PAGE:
Lauren Gooding of Oyster Bay, LI asks:
In your discussion with Margaret Warner, you said that "Mono unsaturated fat actually looks to be somewhat good compared to carbohydrates." What does that mean? Also, I am reasonably concerned with my weight and I eat a low-fat diet-- all this talk about the health benefits of olive oil is causing people to slop it on. This can't be good for you, can it?
Dr. Walter Willett responds:
In many carefully controlled feeding studies, monounsaturated fat has consistently appeared better than carbohydrate because both of these lower LDL (bad cholesterol) to a similar degree compared to saturated fat, but carbohydrate depresses HDL (good cholesterol) and raises blood triglyceride levels.
Thus it was not surprising in our large prospective study that women consuming monounsaturated fats tended to have lower risks of heart attacks than women consuming the same number of calories from carbohydrate. Of course, excessive calories can lead to overweight but calories from fat and from carbohydrate have the same effects on weigh gain.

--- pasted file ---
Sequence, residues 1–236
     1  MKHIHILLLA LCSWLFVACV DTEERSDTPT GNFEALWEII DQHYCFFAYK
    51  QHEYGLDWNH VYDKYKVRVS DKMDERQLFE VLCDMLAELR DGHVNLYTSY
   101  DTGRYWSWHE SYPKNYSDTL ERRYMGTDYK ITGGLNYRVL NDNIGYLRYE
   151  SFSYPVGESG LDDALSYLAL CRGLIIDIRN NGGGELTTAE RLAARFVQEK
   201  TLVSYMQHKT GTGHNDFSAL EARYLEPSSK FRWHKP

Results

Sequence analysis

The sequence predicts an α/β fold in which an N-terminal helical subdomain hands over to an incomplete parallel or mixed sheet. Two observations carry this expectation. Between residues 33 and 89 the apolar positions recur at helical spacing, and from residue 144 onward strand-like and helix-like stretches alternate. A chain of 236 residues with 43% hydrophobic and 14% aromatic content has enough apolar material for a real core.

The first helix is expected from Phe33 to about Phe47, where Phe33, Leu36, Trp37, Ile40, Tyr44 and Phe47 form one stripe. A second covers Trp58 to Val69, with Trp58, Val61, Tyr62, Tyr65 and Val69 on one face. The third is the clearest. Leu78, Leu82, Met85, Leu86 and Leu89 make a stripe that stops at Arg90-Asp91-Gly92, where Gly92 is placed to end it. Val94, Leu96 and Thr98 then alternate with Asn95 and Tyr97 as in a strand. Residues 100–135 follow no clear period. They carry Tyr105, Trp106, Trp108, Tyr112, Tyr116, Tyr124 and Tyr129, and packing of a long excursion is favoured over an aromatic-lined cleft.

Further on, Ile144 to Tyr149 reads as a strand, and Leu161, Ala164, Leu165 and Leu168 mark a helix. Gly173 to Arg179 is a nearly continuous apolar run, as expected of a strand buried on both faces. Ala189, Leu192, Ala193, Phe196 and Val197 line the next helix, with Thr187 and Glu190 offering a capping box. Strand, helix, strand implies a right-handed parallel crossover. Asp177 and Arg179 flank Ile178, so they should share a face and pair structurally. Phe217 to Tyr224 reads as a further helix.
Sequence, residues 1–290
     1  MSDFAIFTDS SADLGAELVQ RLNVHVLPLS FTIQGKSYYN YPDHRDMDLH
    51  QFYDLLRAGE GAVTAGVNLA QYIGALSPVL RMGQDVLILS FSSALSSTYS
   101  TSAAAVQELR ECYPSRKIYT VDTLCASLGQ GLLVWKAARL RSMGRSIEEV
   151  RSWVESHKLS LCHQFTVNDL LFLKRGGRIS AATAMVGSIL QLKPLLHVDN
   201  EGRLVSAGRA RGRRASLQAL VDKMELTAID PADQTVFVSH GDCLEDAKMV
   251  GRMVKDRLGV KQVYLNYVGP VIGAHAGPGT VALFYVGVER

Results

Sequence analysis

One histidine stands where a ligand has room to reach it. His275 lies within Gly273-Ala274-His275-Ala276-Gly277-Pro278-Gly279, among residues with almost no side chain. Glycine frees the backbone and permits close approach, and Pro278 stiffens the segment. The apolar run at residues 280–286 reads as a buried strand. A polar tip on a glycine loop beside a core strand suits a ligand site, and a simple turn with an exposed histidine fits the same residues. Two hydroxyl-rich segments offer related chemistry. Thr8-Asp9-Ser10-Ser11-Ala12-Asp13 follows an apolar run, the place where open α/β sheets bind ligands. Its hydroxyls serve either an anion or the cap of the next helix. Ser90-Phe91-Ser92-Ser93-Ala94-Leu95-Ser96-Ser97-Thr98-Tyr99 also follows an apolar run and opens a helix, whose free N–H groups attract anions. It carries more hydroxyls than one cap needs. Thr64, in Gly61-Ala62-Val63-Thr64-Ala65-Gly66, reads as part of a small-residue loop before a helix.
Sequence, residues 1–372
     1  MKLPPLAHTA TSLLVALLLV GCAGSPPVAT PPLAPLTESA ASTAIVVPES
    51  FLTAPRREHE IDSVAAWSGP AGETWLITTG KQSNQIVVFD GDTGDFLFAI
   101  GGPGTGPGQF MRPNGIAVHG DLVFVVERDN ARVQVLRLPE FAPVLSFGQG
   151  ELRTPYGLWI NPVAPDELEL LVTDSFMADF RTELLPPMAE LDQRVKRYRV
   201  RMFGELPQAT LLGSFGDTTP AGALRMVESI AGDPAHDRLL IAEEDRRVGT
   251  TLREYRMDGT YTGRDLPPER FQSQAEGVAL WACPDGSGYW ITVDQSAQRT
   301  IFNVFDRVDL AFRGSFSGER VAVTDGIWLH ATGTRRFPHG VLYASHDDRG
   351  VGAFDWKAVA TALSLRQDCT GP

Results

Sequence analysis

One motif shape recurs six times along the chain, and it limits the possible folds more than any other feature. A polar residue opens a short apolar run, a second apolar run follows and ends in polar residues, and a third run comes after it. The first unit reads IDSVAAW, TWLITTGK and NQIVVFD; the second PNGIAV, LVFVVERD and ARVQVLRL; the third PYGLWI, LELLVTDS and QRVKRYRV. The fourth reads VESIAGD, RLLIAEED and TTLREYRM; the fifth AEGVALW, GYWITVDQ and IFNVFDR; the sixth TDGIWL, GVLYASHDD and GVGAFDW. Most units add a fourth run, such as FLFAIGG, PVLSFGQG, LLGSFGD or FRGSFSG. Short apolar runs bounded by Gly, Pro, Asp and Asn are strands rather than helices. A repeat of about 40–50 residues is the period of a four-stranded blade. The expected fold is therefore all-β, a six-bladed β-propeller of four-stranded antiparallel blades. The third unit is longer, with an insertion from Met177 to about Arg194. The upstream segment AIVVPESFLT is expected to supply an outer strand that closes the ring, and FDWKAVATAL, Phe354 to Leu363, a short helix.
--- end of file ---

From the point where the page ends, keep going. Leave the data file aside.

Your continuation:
What this means is that people should not just add olive oil to what they already eat, but should use olive oil and other unsaturated fats to replace the bad fats in their diet, specifically saturated and trans fat. Again, if one needs to watch their weight, we must pay attention to excessive calories both from fat and from carbohydrate. Some people have gotten the notion that calories from carbohydrate don't count and we can load up on all of them that we want; this is clearly not true.
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